You have been blessed, O Virgin Mary, above all other women on earth by the Lord, the Most High God, for God has so exalted your name that human lips will never cease to praise you.
Lord our God, when Your Son was dying on the altar of the cross, he gave us as our mother the one he had chosen to be His own mother, the Blessed Virgin Mary; grant that we who call upon the holy name of Mary, our mother, with confidence in her protection may receive strength and comfort in all our needs.
This feast was restored an optional memorial in our sacred Liturgy by the Servant of God Pope John Paul II when he published the 2002 Roman Missal (the translation is due out this century). The Preface of today's Mass is worth adding to our examination of conscience today and I highly recommend using the liturgical texts to assist us here. In part the Preface reads:
"... But by Your loving providence the name of the Virgin Mary also should echo and re-echo on the lips of the faithful people who turn to her with confidence as their star of hope, call on her as their mother in time of danger, and seek her protection in their hour of need."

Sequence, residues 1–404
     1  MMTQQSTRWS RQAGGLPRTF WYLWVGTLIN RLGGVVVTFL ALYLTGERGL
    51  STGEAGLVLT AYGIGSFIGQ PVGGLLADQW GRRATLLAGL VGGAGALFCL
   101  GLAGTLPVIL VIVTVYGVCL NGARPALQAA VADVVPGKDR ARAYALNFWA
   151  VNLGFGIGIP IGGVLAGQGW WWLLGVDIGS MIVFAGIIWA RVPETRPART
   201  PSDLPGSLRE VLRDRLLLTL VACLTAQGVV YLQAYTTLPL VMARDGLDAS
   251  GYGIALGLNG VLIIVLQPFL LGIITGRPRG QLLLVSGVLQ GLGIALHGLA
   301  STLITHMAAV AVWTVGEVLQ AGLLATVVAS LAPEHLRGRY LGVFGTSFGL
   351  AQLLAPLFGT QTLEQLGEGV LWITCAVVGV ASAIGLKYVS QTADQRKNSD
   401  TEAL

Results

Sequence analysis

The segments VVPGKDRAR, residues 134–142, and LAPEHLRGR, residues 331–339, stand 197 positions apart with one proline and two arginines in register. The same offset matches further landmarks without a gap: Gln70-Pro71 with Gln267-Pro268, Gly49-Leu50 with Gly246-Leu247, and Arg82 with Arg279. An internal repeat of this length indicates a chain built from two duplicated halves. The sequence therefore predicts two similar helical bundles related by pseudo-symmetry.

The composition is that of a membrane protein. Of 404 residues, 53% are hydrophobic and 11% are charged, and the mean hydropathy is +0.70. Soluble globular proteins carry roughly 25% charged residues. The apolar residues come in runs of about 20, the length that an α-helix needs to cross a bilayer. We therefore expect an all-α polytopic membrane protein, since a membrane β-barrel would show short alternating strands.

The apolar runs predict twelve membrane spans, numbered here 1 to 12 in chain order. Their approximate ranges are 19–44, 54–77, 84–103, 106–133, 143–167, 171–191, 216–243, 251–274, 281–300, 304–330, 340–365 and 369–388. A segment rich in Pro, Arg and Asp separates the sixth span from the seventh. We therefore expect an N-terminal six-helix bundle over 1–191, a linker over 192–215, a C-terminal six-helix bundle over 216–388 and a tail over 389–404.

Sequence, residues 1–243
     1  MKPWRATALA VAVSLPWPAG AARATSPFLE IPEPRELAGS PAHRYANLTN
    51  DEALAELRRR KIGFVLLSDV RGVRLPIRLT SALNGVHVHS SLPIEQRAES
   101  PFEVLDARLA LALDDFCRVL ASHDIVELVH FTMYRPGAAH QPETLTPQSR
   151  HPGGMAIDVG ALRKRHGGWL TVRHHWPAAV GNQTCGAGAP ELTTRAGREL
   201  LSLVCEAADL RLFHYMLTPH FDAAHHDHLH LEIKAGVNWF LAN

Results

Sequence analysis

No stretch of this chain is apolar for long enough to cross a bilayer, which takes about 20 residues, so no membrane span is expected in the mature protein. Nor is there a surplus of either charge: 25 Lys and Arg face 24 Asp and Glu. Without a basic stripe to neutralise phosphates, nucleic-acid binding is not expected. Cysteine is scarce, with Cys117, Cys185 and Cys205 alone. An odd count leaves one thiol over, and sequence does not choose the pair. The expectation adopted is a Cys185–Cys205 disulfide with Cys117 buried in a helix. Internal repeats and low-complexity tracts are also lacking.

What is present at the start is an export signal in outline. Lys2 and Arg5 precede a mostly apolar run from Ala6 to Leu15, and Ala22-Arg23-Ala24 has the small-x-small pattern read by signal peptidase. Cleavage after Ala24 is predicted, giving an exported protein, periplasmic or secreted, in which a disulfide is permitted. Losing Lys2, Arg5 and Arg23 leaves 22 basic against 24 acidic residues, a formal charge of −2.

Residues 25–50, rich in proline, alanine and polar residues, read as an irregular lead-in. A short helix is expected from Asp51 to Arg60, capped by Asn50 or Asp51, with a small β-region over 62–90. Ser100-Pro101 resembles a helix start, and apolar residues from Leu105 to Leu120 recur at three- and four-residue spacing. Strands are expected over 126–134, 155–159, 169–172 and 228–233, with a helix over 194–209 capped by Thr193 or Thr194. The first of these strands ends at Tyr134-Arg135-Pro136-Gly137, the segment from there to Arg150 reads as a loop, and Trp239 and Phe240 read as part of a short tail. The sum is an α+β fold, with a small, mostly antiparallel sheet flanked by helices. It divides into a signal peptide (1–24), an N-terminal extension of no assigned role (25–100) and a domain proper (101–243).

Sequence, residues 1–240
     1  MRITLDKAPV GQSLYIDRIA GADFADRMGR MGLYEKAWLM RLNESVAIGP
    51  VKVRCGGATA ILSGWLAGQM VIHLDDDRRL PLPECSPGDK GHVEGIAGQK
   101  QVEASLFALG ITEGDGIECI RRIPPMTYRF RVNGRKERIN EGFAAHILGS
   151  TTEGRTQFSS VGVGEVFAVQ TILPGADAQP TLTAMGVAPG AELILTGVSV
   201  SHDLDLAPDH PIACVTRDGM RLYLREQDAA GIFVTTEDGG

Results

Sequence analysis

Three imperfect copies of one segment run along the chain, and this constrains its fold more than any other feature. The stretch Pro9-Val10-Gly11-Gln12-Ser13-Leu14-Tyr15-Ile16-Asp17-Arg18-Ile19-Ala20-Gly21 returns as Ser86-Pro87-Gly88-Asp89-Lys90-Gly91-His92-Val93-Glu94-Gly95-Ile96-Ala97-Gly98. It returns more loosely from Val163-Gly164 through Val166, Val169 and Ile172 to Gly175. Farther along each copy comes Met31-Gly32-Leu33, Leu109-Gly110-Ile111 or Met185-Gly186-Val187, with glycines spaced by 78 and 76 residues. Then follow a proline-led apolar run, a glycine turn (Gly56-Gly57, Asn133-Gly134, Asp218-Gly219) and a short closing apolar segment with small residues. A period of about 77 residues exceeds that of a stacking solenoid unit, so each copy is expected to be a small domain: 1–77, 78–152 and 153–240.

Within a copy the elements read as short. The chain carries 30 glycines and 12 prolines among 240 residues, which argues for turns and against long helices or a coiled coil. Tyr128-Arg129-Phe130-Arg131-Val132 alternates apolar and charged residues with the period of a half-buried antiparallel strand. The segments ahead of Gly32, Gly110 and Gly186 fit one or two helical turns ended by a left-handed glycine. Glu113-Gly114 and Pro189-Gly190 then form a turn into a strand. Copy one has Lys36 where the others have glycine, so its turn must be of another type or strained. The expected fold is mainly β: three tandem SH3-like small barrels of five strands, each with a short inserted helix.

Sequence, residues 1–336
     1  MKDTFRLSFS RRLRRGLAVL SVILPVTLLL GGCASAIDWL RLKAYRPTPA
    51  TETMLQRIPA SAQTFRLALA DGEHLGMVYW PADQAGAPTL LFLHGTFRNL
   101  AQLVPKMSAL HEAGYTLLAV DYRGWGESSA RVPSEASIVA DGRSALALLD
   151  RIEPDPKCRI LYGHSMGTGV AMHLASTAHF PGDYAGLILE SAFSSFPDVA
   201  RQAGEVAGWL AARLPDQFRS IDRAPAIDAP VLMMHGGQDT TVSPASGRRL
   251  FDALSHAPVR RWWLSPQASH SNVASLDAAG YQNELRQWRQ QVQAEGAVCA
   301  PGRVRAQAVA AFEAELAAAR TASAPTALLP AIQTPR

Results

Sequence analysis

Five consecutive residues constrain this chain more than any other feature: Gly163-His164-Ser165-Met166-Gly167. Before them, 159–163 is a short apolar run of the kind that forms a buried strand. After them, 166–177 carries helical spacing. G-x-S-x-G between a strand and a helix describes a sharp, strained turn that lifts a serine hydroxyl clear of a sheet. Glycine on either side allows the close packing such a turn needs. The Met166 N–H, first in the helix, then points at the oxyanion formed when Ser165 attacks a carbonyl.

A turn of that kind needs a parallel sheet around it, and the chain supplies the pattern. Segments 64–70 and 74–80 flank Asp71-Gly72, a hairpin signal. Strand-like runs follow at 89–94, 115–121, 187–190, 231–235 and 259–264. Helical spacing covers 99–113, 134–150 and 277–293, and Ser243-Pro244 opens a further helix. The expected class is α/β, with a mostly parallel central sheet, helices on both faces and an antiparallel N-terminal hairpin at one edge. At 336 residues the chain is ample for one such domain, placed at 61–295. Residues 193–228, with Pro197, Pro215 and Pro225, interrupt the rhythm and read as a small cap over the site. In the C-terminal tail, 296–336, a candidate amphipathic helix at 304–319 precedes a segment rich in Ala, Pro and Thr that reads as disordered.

The sentiments expressed by the Church's Liturgy ought to call to mind the venerable prayer of the Memorare in which we ask Mary in confidence to be at our side at all times. Those who remain close to Mary, the Mother of God are always helped.
A fitting look into a Marian apparition on the Feast of the Nativity of Mary at First Things, "What Happened at Medjugorje?" It's amazing that this "apparition" of the Blessed Virgin is getting a lot of press these days.
In Honor of Our Lady's Nativity
Saint Anselm of Canterbury
Vouchsafe that I may praise thee, O sacred Virgin; give me strength against thine enemies, and against the enemy of the whole human race. Give me strength humbly to pray to thee. Give me strength to praise thee in prayer with all my powers, through the merits of thy most sacred nativity, which for the entire Christian world was a birth of joy, the hope and solace of its life.